A restriction enzyme, more commonly referred to as a restriction endonuclease, has the ability to cleave DNA molecules into small fragments. The cleaving process occurs near or at a special recognition site of the DNA molecule called a restriction site. A recognition site is typically composed of 4-8 base pairs. Depending on the site of cleavage, restriction enzymes can be of four (04) different types: Type I, Type II, Type III and Type IV. Other than the site of cleavage, factors such as composition, requirement of co-factors and the condition of the target sequence are taken into consideration when differentiating restriction enzymes into four groups.
During the cleavage of DNA molecules, the cleaving site can be either at the restriction site itself or at a distance from the restriction site. Restriction enzymes create two incisions through each of the sugar-phosphate backbone in the double helix of DNA.
Restriction enzymes are mainly found in Achaea and bacteria. They utilize these enzymes as a defense mechanism against the invading viruses. The restriction enzymes cleave the foreign (pathogenic) DNA but not their own DNA. Their own DNA is protected by an enzyme known as methyltransferase, which makes modifications in the host DNA and prevents cleavage.
Type I restriction enzyme possesses a cleaving site which is away from the recognition site. Functioning of the enzyme requires ATP and the protein, S-adenosyl-L-methionine. Type I restriction enzyme is considered to be multifunctional due to the presence of both restriction and methylase activities. Type II restriction enzymes cleave within the recognition site itself or at a closer distance to it. It only requires magnesium (Mg) for its function. Type II restriction enzymes have only one function and are independent of methylase.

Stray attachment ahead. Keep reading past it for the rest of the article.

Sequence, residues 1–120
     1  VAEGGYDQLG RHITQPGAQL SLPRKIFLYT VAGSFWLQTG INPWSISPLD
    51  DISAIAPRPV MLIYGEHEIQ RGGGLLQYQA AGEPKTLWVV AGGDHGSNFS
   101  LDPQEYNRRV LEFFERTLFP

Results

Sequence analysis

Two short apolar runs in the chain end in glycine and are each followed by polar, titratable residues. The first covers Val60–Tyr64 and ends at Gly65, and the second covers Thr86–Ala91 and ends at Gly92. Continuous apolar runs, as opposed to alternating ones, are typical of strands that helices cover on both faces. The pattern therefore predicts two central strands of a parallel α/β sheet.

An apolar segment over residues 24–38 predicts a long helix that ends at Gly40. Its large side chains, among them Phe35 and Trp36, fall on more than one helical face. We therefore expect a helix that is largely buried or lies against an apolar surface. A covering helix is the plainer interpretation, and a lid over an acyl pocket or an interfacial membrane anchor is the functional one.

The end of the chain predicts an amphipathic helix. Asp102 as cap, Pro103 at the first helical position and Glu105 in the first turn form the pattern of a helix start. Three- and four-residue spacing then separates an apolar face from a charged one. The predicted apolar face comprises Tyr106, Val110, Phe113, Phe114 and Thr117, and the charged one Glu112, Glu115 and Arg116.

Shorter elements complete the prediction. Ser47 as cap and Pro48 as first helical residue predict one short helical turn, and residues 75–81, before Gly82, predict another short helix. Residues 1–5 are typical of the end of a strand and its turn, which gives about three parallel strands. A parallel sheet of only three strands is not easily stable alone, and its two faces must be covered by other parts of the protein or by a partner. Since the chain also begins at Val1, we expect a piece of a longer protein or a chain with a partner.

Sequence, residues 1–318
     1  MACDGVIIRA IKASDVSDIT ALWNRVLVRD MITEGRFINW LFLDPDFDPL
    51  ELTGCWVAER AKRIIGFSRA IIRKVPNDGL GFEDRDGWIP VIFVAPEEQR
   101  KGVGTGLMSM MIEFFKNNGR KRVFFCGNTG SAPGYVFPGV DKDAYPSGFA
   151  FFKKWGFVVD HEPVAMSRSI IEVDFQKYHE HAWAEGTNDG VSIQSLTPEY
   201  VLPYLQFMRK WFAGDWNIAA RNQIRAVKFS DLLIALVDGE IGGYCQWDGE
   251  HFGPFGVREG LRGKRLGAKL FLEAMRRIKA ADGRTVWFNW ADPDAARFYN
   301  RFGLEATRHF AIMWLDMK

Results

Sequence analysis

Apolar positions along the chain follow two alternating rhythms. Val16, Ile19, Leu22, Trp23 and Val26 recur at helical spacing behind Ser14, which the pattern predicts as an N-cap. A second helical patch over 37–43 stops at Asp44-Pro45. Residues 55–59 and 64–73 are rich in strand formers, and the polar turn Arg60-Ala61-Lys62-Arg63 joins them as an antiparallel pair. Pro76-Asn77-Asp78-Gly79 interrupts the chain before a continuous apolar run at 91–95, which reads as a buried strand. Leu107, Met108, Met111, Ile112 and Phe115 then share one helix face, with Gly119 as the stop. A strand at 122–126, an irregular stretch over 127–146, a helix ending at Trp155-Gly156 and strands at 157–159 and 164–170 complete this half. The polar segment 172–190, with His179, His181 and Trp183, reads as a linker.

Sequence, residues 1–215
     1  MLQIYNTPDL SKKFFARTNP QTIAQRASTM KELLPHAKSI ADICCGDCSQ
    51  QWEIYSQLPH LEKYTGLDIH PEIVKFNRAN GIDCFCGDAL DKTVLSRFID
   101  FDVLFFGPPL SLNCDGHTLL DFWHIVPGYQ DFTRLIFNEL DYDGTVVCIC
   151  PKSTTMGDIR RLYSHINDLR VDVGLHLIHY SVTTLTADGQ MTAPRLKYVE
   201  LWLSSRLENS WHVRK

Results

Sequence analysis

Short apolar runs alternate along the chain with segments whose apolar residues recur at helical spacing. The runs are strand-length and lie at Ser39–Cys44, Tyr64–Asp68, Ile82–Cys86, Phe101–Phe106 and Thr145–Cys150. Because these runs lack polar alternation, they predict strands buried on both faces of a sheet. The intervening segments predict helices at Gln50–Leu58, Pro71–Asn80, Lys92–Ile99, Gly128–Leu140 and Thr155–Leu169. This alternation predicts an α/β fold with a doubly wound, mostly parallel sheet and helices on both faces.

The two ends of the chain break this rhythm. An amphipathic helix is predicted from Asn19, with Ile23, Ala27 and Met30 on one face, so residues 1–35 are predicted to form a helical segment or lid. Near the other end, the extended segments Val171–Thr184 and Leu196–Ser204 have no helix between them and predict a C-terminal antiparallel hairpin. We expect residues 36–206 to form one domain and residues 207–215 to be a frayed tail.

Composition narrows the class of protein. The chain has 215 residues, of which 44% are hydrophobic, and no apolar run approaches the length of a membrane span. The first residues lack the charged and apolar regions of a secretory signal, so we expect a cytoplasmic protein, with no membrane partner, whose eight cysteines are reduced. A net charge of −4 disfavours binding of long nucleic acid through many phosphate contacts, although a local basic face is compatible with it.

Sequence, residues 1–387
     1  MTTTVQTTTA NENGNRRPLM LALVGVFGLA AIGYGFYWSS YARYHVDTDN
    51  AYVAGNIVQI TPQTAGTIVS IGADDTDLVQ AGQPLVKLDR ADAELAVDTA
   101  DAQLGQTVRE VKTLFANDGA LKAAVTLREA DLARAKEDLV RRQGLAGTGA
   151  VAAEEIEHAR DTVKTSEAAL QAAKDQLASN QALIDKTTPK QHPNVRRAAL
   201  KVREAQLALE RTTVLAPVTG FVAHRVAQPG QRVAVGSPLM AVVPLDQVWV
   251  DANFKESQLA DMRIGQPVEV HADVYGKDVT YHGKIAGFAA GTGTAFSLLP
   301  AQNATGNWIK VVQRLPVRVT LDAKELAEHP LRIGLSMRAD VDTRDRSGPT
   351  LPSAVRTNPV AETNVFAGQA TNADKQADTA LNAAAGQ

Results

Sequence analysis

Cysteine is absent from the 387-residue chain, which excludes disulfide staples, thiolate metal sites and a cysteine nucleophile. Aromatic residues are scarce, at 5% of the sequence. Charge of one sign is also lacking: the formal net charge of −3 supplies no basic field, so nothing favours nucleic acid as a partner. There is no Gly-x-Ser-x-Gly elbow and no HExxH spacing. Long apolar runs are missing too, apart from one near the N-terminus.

What are the Similarities Between CRISPR and Restriction Enzymes?
- CRISPR and restriction enzymes are important tools in gene modification.
- Part of CRISPR or Cas9 and restriction enzymes are endonucleases.
- Both can recognize characteristic DNA sequences and cleave DNA.
- They are present in bacteria and archaea.
- Both CRISPR and restriction enzymes are sequence-specific.
What is the Difference Between CRISPR and Restriction Enzymes?
CRISPR-Cas system is a prokaryotic immune system that confers resistance to foreign genetic elements. On the other hand, restriction enzymes are endonucleases that recognize a specific sequence of nucleotides and produce a double-stranded cut in the DNA. So, this is the key difference between CRISPR and restriction enzymes.
Moreover, CRISPR- allows extremely precise cuts. In comparison to that, restriction enzyme cleavage is less precise. Furthermore, CRISPR is an advanced technique while restriction enzymes are primitive.
Below infographic summarizes the difference between CRISPR and restriction enzymes.
Summary – CRISPR vs Restriction Enzymes
CRISPR and restriction enzymes are two types of techniques used in gene modification. CRISPR is adaptive immune protection executed in some bacteria against foreign DNA based invasions. It is a natural defense mechanism. In contrast, restriction enzymes are endonucleases that cleave double-stranded DNA. Both CRISPR and restriction enzymes are able to cut DNA into small segments. However, both are sequence-specific. In comparison to CRISPR, restriction enzymes are primitive. CRISPR allows extremely precise cuts than restriction enzymes. So, this is the summary of the difference between CRISPR and restriction enzymes.